EM Forster wrote that a story ‘can only have one merit: that of making the audience want to know what happens next.
‘A plot is also a narrative of events, the emphasis falling on causality – “The king died and then the queen died” is a story.’ But ‘“the king died and then the queen died of grief” is a plot. The time-sequence is preserved, but the sense of causality overshadows it.’
Always remember that plot often grows from character. If you have a strong central character, with virtues and flaws, then some of the story will follow naturally.
What would your character do in a certain situation? If things get bad, would he/she go to the pub? To the gym? To a former lover?
And what will that person say? And how do they speak? With an accent? A lisp?
Your main character, a real flesh-and-blood person, is also in a position of conflict – with themselves, with members of their family, their past, or with some external problem.
A murder to solve, a murderer stalking them, and so on. The book is about resolving that conflict in a way that seems real.
And if you’re having trouble writing a particular passage, try to imagine it as a scene in a film. Your character walks into a room. What do you as a viewer need to know about that room? The pictures on the wall? The colour of the carpet? How does he or she enter that room? Are they happy to be there? Hesitant?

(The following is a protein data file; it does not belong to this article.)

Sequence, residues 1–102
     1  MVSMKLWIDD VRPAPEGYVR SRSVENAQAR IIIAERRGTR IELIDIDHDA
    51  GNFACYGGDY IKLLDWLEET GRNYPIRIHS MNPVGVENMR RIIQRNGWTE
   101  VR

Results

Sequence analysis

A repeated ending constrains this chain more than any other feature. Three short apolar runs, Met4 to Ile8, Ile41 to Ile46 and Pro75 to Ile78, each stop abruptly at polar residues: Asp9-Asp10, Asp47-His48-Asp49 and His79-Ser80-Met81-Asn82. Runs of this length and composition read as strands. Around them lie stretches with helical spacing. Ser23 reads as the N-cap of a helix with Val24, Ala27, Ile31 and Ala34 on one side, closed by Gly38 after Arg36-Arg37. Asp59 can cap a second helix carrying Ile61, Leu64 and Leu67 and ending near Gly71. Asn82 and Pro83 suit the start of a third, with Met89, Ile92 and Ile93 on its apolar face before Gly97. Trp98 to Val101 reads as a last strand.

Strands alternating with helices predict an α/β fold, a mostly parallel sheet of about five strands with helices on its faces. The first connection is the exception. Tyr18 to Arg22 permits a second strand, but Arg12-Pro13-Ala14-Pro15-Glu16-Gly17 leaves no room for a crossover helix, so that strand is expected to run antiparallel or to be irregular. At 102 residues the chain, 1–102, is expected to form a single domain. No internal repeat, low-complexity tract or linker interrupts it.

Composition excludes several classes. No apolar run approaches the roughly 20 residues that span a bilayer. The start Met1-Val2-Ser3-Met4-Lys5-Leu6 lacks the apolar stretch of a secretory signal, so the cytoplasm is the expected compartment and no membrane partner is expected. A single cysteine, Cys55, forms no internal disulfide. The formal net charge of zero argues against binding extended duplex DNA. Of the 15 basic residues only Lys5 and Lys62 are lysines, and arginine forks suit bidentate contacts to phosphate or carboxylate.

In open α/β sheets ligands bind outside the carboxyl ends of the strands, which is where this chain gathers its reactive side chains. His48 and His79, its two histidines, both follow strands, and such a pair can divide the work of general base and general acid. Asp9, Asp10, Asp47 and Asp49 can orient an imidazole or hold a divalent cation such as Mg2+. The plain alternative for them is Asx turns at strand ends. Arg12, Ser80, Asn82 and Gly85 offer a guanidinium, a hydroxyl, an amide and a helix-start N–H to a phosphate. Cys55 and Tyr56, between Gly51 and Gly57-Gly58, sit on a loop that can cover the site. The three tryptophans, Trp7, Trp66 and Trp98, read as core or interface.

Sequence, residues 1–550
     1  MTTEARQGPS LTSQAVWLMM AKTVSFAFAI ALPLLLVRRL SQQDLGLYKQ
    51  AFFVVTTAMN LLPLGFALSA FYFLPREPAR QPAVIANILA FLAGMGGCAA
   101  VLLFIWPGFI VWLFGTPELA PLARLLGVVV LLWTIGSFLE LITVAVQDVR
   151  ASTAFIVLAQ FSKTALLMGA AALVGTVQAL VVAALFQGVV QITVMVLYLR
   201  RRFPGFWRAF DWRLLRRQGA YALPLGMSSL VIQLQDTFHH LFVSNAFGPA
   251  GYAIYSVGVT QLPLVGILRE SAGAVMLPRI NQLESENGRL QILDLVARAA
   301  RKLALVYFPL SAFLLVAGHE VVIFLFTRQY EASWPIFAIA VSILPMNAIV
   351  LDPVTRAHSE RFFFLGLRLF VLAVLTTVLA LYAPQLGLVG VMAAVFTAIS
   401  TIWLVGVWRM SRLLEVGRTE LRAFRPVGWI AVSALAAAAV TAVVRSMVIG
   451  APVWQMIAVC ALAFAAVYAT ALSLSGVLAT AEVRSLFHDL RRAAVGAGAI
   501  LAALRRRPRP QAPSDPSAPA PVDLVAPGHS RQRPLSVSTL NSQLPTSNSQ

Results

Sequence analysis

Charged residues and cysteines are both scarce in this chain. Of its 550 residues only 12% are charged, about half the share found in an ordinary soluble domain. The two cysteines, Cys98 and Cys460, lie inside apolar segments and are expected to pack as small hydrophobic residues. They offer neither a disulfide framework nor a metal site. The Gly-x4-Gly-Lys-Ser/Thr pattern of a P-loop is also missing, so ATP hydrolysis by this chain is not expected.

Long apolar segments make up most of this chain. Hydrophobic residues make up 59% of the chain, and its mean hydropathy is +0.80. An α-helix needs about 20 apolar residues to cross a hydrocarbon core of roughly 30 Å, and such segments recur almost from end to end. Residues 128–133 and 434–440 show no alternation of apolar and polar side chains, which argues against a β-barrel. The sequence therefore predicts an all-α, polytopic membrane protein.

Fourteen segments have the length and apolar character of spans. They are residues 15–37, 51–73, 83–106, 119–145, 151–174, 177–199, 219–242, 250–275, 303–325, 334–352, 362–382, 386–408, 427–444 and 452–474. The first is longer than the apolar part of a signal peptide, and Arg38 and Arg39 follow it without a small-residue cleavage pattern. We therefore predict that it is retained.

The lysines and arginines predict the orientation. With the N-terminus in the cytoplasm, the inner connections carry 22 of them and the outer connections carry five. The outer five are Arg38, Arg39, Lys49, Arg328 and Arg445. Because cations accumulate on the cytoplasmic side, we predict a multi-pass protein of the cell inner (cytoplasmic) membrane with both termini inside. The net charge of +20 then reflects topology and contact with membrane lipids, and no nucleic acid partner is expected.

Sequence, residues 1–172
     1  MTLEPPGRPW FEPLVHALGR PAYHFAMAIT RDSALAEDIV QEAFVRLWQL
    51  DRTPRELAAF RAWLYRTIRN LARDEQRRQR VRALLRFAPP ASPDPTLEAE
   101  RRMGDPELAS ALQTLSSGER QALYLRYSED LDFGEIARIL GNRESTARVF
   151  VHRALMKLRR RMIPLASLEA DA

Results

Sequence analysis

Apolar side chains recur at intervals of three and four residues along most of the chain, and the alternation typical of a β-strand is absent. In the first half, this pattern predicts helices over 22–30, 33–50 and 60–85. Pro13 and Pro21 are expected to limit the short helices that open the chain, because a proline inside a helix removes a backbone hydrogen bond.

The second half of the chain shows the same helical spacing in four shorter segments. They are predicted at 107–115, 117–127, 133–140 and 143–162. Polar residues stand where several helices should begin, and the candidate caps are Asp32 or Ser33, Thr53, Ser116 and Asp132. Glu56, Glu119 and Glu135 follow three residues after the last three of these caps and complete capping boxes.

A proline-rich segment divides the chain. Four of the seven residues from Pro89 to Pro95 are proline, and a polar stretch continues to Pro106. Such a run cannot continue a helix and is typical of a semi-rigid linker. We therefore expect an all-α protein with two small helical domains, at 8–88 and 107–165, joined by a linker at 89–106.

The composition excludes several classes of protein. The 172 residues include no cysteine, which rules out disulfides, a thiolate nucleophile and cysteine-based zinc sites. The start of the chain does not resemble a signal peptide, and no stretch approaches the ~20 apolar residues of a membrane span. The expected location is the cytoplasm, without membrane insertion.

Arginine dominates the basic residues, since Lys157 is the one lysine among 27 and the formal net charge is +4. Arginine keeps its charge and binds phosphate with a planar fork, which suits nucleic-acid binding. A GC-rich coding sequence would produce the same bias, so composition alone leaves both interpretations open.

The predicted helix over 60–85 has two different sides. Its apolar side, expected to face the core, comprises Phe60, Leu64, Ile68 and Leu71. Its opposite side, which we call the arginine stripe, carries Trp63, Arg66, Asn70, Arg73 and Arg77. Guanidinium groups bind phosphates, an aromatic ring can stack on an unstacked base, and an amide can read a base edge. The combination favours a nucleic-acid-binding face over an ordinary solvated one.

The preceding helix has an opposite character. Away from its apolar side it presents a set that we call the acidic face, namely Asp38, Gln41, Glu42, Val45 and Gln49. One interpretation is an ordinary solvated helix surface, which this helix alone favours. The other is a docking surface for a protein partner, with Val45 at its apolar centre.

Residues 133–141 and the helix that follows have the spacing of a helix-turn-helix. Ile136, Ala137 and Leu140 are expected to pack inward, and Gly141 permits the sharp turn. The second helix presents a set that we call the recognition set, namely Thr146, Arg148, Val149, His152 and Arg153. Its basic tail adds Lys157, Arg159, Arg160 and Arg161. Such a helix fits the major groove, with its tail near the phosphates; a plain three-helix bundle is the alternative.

By imagining that scene as a film, you will instinctively concentrate on writing what is important, and filtering out the rest. And if your protagonist falls into conversation, you’ll be better able to write dialogue that feels real.
They’re intended to give you the confidence and skills to understand what makes great writing.
It could be the start of a whole new journey, however many words it takes.
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